Lavazza reveals recipe for more sustainable coffee

Lavazza

You might expect an Italian coffee company to celebrate its 120th anniversary with an espresso-fuelled party on a sunny European terrace. Not Lavazza. Instead, the Italian coffee giant has chosen its anniversary to release its first annual sustainability report, outlining ambitious plans to infuse its entire company with sustainable values.
Lavazza serves 17 billion espressos around the world every year, and is the seventh-largest coffee producer globally. However, like many in the industry it faces a variety of sustainability challenges, ranging from climate impacts on coffee plantations at one end of the supply chain to the waste impact of coffee pods at the other.
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Consequently, the company has published a similarly wide-ranging sustainability strategy, encompassing everything from material use to employee health and safety.
“At Lavazza, we believe that innovation, sustainability and quality are interdependent,” Giuseppe Lavazza, the firm’s vice president, told BusinessGreen via email, adding that the report aims to provide stakeholders with an overview of the firm’s “economic, social and environmental sustainability”.
This wide-ranging approach has led to a report that is short on some of the traditional components of a sustainability report – such as future emissions targets – but big on ideas.
The most high-profile innovation highlighted in the report is Lavazza’s new biodegradable coffee pod, which was first announced in March. The capsule is made from a thistle-based bio-polymer. Once used, it can be collected with organic waste and sent for industrial composting, where the pod and used coffee are recycled together into compost.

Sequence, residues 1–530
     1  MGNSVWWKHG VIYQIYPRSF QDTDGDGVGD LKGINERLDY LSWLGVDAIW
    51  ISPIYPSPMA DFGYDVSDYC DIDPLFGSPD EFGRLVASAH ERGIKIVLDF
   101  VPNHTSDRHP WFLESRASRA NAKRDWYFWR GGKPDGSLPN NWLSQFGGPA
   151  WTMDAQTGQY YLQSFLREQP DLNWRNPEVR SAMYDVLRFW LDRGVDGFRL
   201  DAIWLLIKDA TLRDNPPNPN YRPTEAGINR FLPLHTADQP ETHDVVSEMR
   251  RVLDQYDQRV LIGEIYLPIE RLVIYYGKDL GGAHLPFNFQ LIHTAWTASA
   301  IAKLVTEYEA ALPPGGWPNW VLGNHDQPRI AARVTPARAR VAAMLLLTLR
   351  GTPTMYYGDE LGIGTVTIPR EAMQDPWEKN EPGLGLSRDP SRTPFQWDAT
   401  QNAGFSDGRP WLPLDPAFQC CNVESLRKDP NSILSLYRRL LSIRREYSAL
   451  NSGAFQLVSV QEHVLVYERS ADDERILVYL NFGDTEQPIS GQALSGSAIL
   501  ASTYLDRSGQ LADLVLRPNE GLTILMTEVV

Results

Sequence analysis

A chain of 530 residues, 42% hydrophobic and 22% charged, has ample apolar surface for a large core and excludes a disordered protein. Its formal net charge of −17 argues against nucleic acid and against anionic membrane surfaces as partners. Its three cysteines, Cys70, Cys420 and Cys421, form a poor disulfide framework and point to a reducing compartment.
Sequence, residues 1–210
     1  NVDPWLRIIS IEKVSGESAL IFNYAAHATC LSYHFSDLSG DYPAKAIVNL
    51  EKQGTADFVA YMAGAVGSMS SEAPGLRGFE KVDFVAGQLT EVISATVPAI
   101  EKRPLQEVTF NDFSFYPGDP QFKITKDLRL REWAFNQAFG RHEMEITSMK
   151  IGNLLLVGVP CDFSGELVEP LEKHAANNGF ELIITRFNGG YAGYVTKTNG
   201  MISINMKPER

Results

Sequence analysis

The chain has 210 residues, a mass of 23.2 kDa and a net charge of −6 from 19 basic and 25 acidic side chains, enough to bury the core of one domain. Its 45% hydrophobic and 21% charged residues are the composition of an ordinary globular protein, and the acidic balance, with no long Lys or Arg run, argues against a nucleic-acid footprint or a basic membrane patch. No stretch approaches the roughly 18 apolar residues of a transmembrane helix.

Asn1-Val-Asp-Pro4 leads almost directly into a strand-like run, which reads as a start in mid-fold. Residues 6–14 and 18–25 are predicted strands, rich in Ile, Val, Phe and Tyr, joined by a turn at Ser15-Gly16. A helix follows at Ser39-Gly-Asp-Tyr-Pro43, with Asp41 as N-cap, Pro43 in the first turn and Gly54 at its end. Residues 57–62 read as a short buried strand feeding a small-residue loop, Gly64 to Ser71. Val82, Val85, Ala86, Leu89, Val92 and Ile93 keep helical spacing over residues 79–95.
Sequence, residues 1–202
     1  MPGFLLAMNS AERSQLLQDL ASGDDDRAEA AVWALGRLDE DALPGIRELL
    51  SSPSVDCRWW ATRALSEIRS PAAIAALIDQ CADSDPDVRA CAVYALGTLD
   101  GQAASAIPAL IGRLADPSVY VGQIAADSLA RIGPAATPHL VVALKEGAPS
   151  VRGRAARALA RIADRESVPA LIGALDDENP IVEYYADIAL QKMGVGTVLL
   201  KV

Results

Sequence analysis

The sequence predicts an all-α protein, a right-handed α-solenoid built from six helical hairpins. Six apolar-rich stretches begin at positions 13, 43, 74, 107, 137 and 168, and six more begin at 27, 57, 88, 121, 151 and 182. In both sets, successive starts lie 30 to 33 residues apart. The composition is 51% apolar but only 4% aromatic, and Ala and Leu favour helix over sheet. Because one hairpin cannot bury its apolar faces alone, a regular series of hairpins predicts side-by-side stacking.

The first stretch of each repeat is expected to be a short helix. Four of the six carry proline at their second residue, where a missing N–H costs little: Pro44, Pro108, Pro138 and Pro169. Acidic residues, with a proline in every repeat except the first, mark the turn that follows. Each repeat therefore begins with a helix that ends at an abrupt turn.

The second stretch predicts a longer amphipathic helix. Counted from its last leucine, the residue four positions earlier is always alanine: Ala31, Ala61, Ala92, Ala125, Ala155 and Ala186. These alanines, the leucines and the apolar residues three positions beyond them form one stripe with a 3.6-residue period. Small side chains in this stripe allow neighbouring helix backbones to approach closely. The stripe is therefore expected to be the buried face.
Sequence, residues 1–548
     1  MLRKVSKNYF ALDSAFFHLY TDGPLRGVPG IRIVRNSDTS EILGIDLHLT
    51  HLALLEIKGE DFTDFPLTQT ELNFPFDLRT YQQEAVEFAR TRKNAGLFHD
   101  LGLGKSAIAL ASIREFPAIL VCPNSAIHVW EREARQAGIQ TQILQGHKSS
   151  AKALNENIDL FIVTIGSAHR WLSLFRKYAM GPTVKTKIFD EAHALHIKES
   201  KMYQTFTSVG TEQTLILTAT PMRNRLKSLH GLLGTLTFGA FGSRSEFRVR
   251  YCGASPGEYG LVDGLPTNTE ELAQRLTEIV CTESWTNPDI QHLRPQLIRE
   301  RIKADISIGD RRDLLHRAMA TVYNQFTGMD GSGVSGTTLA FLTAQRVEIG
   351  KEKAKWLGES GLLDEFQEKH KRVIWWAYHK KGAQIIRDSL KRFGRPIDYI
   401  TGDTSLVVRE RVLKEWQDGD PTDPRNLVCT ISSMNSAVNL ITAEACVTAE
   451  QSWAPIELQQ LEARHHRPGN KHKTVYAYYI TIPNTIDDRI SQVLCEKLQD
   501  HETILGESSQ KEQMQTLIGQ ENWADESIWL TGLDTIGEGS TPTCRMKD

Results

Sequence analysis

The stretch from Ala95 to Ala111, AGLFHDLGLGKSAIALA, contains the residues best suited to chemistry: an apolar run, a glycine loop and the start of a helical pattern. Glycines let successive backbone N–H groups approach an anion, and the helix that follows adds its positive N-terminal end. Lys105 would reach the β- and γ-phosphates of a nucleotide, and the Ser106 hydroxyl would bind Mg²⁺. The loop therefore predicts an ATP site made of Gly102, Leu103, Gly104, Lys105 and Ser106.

The innovation follows widespread concern over the environmental impact of single-serve coffee capsules, many of which are difficult to recycle because they are a mixture of organic, plastics and metal components. Earlier this year John Sylvan, inventor of the K-Cup capsule used in Keurig coffee machines, admitted he “feels bad” about the environmental damage the pods have caused.
Lavazza’s new pods – which took five years to develop – are compatible with the brand’s range of A Modo Mio home espresso machines, and will be available to buy in Italy from early next year. “With this product, we intend to provide our consumers with a perfect espresso, while at the same time adding value to the product’s end life,” Giuseppe Lavazza said.
The company has also teamed up with fellow Italian coffee giant Illy to support a project to sequence the genome of a coffee bean. The research, conducted by the Universities of Padua and Trieste in Italy, sequenced the genome of Coffea Arabica – which accounts for 70 per cent of global coffee production. The research will help scientists develop super beans that are disease-resistant or adapted to suit extreme environments caused by climate change, Lavazza said in its report.
Lavazza’s report does include some conventional sustainability metrics alongside these high-tech plans. Since 2012 Lavazza’s direct emissions – which include thermal energy used by the company’s production plants, the firm’s vehicle fleet and energy use for its headquarters – have fallen by an impressive 17 per cent, largely thanks to improvements in the energy efficiency at its production plants. And as of 2014, all four of Lavazza’s Italian production sites are to run on electricity from entirely renewable sources.
However, there’s still a long way to go before Lavazza has fully mapped the environmental impact of its operations. In the report the company says it is “working towards systematically collecting data” in order to set “challenging goals in terms of environmental sustainability”. It is also working with the Italian Ministry of the Environment to map the environmental impact of its major products, the firm said.
It may be an unconventional way to celebrate a 120th anniversary, but with its inaugural sustainability report Lavazza is taking its first steps to ensure it is still serving espressos in another 120 years.

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